Jewish sites in Tunisia firebombed amid social unrest
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'There was a failed effort to burn down synagogue in Djerba'

Jewish sites in Tunisia firebombed amid social unrest

Schools and a synagogue sustain minor damage in attacks, locals say

Dov Lieber is The Times of Israel's Arab affairs correspondent.

A tourist visits El Ghriba, the oldest synagogue in Africa, on the Island of Djerba, southern Tunisia, October 29, 2015. (AP/Mosa'ab Elshamy)
A tourist visits El Ghriba, the oldest synagogue in Africa, on the Island of Djerba, southern Tunisia, October 29, 2015. (AP/Mosa'ab Elshamy)

A Tunisian Jewish neighborhood was firebombed overnight Tuesday amid protests in the country over rising costs and government austerity, members of the community said.

“There was a failed attempt to burn down a synagogue in the Jewish Quarter of Djerba through the use of Molotov cocktails, but thank God, no one was hurt and security and civil protection are now doing their duty,” Elie Trabelsi, the son of the synagogue’s president, Pérez Trabelsi, wrote on Facebook.

The Tunisian news outlet Erem quoted a security official as saying “unknown assailants in a vehicle threw firebombs at the Jewish prayer site at the center of the neighborhood on the Island of Djerba, in an attempt to burn it down.”

The security source added that the fire was contained within a small portion of the site.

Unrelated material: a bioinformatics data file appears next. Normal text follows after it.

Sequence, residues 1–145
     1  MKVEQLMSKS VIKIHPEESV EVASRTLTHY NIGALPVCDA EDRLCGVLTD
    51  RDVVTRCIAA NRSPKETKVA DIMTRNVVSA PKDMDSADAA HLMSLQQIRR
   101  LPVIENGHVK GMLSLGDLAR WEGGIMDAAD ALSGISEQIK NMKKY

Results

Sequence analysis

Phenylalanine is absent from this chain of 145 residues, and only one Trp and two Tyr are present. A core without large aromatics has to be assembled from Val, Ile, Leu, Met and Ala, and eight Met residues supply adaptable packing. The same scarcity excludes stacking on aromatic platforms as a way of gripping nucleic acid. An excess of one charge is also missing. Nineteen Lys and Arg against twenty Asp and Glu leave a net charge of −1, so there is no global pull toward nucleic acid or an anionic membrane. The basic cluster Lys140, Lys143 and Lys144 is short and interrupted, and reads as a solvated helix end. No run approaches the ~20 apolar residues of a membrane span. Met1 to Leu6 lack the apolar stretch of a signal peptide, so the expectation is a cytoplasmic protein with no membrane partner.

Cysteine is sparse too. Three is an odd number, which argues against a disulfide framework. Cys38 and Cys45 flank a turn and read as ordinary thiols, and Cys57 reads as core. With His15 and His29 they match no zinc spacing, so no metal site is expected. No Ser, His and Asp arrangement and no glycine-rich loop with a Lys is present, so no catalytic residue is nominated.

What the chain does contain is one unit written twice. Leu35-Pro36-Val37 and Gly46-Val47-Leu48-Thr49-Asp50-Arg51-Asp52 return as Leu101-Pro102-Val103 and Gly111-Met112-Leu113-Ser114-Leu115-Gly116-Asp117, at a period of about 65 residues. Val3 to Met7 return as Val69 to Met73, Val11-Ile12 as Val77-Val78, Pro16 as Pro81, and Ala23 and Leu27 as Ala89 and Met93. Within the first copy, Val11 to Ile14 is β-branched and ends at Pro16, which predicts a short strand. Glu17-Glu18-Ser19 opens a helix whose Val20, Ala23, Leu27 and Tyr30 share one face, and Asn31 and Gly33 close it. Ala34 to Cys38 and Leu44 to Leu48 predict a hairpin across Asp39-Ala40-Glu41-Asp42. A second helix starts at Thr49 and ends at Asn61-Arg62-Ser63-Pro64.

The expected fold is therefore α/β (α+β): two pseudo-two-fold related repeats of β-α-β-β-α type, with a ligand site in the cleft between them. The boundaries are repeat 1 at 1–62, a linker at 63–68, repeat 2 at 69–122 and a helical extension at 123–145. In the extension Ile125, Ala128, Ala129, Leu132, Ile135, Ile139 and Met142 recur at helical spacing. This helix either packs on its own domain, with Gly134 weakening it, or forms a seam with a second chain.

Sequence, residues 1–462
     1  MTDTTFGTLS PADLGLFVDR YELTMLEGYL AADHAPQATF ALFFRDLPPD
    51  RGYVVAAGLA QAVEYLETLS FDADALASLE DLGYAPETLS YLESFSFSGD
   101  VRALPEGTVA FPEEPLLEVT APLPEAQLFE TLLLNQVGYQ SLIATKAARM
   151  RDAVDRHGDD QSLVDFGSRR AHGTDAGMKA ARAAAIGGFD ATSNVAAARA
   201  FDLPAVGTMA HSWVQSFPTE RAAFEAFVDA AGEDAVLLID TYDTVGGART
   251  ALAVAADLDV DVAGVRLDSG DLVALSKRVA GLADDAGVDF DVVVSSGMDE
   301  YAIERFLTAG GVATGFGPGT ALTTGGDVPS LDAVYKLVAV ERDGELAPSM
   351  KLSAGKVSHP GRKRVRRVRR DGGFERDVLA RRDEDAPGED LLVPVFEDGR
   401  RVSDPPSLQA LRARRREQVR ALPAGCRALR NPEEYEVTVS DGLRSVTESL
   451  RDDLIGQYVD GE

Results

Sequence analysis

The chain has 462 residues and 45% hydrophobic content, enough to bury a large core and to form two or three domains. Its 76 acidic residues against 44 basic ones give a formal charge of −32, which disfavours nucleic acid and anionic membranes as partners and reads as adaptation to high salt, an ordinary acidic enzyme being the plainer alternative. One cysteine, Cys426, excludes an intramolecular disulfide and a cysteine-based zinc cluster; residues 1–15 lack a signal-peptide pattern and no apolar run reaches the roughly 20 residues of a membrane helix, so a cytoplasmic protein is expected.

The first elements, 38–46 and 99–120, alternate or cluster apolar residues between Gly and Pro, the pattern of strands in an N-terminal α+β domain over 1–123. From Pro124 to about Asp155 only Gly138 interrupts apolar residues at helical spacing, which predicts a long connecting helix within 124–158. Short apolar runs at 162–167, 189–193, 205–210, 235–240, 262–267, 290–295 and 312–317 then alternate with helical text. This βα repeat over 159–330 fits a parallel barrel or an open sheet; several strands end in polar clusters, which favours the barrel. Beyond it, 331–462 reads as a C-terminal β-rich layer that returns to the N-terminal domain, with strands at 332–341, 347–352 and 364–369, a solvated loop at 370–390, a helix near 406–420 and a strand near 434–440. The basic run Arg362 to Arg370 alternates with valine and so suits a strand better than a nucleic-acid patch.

Chief executive of Liberal Judaism in the United Kingdon Rabbi Danny Rich at the Ghriba synagogue in the Tunisian resort island of Djerba during the annual Jewish Lag B’Omer pilgrimage, May 25, 2016. (AFP Photo/Fethi Belaid)

A representative of Tunisia’s Jewish community told AFP that two Molotov cocktails were thrown at the entrance to two schools in the neighborhood, but their interiors were not damaged.

Djerba is home to the historic Ghriba Synagogue, believed to have been founded in 586 BCE by Jews fleeing the destruction of the Temple of Solomon in Jerusalem. The Ghriba Synagogue has long been a destination for pilgrims, especially Jews of Tunisian descent.

The number of pilgrims visiting the synagogue has fallen sharply since it was hit by an al-Qaeda suicide bombing just before the 2002 pilgrimage.

Before the attack, which killed 21, the event attracted as many as 8,000 pilgrims a year. Now, hundreds flock to the site annually.

French Tunisian Jewish women pray at the Ghriba synagogue in the Tunisian resort island of Djerba during the annual Jewish Lag B’Omer pilgrimage, May 25, 2016. (AFP Photo/Fethi Belaid)

In February, Israel’s Foreign Ministry charged its diplomats with calling on the international community to urge the Tunisian government to protect its Jewish community.

The order was issued following several anti-Semitic incidents in the country. Some 1,500 Jews live in Tunisia today, down from an estimated 100,000 before the country won independence from France in 1956.

AFP contributed to this report.

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